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Types of Savings Accounts

written by: •edited by: Jason C. Chavis•updated: 4/29/2011

Unless you want to keep money underneath your mattress, it’s imperative to open up some sort of savings account in a banking institution. With so many options to choose from, how do you know which type or types of savings account is right for you? The answer lies in the options.

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    Types of Savings Accounts

    Money If you are interested in opening a savings account, you should realize that not all saving accounts are created equal. The right type of savings account for you will depend on a number of aspects including how often you want to withdraw and whether you are interested in your money gaining interest.

    The basic savings account is used in most types of banks – including mutual savings banks, commercial banks and credit unions. Basic savings accounts allow customers to put away their money and also collect interest. Most banks in the United States allow their customers to deposit unrestricted amounts of money into basic savings accounts.

    Due to various regulations, some banks limit the number of times a customer can withdrawal and transfer funds per month from their basic savings account. Generally, the contract with the banking institution stipulates six transfers or withdrawals per month. Some banks specify the means of withdrawals and transfers from savings accounts – permitting or prohibiting the use of checks, debit cards and ATMs.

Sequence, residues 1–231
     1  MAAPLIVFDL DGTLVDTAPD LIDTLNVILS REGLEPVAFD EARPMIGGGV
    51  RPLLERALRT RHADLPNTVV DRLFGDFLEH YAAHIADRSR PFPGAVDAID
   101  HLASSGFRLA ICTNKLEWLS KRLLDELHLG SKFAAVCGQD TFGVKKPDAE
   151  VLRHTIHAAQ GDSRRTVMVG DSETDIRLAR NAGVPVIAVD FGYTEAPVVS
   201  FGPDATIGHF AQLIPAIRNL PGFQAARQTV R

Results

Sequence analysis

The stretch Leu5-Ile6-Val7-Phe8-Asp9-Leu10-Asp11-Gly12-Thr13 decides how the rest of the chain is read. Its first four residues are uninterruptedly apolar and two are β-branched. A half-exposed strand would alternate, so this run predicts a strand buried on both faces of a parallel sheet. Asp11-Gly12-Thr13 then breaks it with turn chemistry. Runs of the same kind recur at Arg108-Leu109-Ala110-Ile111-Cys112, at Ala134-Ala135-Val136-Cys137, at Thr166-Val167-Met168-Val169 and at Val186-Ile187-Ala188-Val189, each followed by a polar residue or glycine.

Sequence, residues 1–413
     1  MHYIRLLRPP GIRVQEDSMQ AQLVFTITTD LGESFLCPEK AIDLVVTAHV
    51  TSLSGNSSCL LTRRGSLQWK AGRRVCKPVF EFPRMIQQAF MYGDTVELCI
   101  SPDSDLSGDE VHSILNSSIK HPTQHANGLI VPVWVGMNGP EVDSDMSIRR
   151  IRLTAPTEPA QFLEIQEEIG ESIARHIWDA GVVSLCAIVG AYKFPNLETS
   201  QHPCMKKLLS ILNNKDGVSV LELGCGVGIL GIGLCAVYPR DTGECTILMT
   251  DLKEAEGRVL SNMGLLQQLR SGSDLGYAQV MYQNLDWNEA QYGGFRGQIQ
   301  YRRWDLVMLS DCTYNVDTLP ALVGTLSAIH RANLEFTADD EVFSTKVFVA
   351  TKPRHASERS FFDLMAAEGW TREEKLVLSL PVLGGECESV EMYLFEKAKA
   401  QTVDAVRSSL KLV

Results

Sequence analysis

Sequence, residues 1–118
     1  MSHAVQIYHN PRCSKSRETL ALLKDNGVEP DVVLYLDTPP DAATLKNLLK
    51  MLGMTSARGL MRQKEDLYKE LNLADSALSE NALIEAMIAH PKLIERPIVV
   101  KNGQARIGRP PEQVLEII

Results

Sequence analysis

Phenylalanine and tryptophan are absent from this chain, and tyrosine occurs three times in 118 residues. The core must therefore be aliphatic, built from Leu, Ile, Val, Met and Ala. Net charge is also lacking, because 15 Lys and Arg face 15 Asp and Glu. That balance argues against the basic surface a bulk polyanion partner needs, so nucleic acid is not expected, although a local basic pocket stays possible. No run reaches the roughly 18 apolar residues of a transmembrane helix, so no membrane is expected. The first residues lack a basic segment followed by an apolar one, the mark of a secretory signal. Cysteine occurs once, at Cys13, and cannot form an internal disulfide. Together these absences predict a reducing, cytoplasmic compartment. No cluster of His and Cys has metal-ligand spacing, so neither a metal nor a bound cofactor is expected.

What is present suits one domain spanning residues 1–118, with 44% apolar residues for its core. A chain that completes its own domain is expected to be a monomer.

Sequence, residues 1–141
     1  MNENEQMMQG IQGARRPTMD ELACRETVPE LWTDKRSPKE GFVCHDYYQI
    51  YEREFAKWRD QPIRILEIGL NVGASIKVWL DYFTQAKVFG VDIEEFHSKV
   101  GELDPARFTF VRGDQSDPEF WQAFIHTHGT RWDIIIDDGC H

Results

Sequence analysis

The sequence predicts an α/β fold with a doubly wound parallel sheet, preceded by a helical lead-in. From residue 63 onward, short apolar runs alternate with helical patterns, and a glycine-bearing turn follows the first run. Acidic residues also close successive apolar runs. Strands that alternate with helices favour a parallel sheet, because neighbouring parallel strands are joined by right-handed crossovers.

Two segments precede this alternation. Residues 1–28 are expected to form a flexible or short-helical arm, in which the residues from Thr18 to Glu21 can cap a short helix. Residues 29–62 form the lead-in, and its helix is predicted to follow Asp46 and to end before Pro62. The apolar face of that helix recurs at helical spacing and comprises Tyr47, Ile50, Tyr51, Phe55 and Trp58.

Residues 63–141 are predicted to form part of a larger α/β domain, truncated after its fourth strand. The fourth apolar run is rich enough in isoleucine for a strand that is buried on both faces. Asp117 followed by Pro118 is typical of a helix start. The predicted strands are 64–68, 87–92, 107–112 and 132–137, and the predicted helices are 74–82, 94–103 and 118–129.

Some European countries tax the interest that is paid into savings accounts. As a result, there are many offshore savings accounts that cater to customers who do not want to pay such taxes. Deposit accounts are similar to basic savings accounts. The deposit account gains interest as the account holder loans the account funds to other customers. This account is more often used for saving money, rather than for quick access.

    Checking accounts and demand deposit accounts are savings accounts created for easy and protected withdrawal and transfer options. These accounts do not typically gain interest but customers have easy access to their money via means such as debit cards, telephone banking, mail banking, internet banking, checks and ATMs. These accounts are perfect for those who need a constant flow of money to and from their bank.

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